Hello, all, this is the first movie talk you have requested–& I am known to obey the popular opinion, so I have got around to it, despite all sorts of technical difficulties. Watching this movie, I realized I first saw the remake–with Michael Douglas & young Ryan Reynolds & other people–which was all rather humorless mediocrity. The problem it had to face–that we want adventure, that we lust for power, novelty, & excitement, & that suburban life appears mediocre & uncreative–was not thought through, & it is a failure so typical of the last decade of popular movies it’s not worth talking about it now.
I also discovered another thing–the In-laws & The Americanization of Emily are both directed by a very old man who has not gone the way of clay just yet, a Mr. Arthur Hiller. & we had got to the In-laws from The princess bride, because of Peter Falk. It’s a funny ol’ world, as is generally acknowledged. Now that I’ve meandered my way to the movie talk, let me share with you some notes that may not be the first thing in your mind when you recall the movie. I’m a pol.sci lifer, so I always pay attention to all things political. It has taken me some effort to find something to say that you do not already know & I am not at all sure I have found anything. But I can at least show you how the movie looks like if you are as superficial as I am.
There’s no reason to shoot at me: I’m a dentist.
Alan Arkin plays a caricature of an assimilated Jew. He is a dentist, his wife tells the cops, every night, he comes in at the same hour. He overpays on taxes, his CPA’s clever suggestions to te contrary notwithstanding. His wife & daughter laugh at the thought he might be walking on the wild side. They are an educated family, the Sheldon Kornpetts. The daughter tells the father about the sexual tension in a father-daughter relationship & psychoanalyzes him out of his old Jewish common sense. He is halfway between the old Jewish immigrants & the new super-educated modern Jews.
He is also a parody of Job. He is a man who has played by the rules in a way most people find inconceivable. The laws, you might suspect, the The Laws to him. He believes, as all decent people believe, that to deserve is to have & to have is to deserve. He hopes the world will somehow do right by him. Machiavelli’s question, how can one be good among so many who are not?, in a way, haunts him. The law is his only protection from this nightmare. He is also exasperated & moralistic, as you’d expect.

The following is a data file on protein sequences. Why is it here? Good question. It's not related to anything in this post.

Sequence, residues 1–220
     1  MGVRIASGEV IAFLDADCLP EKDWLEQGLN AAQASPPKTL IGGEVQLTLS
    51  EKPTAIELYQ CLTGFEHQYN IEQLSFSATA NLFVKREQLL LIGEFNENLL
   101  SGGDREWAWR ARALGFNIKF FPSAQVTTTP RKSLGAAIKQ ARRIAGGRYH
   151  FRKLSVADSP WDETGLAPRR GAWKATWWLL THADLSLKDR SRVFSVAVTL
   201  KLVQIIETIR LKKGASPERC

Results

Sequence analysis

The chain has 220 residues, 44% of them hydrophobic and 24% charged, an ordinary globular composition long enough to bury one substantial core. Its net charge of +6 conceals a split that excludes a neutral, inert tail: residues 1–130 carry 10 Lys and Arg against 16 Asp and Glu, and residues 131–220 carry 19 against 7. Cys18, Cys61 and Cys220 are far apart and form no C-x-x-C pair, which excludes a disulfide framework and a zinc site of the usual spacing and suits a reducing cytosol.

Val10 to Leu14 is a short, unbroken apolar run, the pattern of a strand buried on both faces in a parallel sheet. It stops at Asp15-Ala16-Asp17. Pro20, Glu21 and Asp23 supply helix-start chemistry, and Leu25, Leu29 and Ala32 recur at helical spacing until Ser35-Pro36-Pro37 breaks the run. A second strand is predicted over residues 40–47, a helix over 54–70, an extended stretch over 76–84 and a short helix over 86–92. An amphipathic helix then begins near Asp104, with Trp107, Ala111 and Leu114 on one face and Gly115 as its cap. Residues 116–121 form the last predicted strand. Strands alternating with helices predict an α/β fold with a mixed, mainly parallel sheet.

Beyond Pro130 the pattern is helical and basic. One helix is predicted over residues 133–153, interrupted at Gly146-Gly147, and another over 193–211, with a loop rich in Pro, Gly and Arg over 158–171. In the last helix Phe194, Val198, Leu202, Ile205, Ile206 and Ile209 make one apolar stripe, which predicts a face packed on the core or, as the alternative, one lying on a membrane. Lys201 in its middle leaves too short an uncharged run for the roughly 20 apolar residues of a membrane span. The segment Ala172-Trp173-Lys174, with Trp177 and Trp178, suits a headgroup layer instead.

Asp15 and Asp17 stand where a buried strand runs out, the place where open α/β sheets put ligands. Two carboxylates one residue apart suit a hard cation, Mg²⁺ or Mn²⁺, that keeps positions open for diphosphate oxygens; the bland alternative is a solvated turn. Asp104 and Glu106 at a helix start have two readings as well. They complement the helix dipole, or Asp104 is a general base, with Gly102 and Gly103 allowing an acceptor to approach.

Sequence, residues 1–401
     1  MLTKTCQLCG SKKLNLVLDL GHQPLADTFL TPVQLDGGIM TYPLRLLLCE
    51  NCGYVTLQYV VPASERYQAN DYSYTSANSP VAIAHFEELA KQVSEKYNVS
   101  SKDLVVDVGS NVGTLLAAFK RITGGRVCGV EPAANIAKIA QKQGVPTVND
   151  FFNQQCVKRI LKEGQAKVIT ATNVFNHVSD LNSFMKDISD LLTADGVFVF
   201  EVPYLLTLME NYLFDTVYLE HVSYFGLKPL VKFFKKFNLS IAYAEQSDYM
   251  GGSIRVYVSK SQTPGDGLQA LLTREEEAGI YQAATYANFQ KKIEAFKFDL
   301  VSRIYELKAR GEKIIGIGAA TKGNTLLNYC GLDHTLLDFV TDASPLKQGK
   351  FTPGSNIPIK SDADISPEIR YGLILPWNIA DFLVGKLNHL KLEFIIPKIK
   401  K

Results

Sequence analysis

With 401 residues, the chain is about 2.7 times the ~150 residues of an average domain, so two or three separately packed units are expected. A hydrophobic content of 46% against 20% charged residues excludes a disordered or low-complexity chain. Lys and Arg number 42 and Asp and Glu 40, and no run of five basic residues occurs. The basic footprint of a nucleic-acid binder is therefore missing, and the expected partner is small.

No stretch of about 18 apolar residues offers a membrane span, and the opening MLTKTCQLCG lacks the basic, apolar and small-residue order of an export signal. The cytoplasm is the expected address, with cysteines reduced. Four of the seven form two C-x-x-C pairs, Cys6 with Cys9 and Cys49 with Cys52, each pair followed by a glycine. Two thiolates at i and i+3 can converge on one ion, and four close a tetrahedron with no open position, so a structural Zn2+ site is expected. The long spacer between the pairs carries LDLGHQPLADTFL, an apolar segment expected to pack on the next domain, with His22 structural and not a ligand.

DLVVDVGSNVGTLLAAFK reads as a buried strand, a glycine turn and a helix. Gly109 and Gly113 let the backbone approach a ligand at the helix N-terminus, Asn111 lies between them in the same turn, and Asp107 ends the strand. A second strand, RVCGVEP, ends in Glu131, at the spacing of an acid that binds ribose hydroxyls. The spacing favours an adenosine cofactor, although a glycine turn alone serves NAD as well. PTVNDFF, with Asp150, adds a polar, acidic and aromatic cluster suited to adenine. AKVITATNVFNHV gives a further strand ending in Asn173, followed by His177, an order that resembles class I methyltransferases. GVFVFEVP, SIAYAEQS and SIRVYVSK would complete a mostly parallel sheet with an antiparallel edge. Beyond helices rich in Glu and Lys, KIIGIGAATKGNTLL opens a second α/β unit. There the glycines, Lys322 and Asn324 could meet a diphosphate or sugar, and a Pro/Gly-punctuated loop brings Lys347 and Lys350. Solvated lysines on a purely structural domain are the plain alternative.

Sheldon: There’s red tape in the bush?
Vince: Enormous red tape.
Peter Falk plays a strange little man–he has the democrat’s ease & fellow-feeling, the con man’s light touch, not to say human touch, & he seems to have no respect for the law, being guided by what he wants. The Jew finds him incomprehensible & almost irresistible–it would be impolite to avoid him or refuse him & it would be a kind of haughty attack on democracy to disbelieve in his profuse compliments, his professions of good, & his seemingly unconditional offer of friendship.
To talk in the terms of the political art, this is a kind of confrontation of the oligarchic man & the democratic man. Both seem liberal, so some translation may be required for us conservatives. The Jew concerns himself with his private life: He lives a comfortable middle class life made possible by his dedication to his work & his opinions about what is respectable–both of which are under attack by the zany democrat–both of which are somewhat derided by his wife & daughter, who do not share his strictness. He is strict for obvious reasons: He knows hardship, his forebears having known more than they could possibly like, & he sees that the world around him is not in good order. This is ’70s America: You can see how ugly NYC looks & you might remember what a social collapse had created it… The oligarch & democrat both believe a comfortable private life to be desirable, perhaps the good life. But they disagree in part as to the requirements for work & the worth of inequality.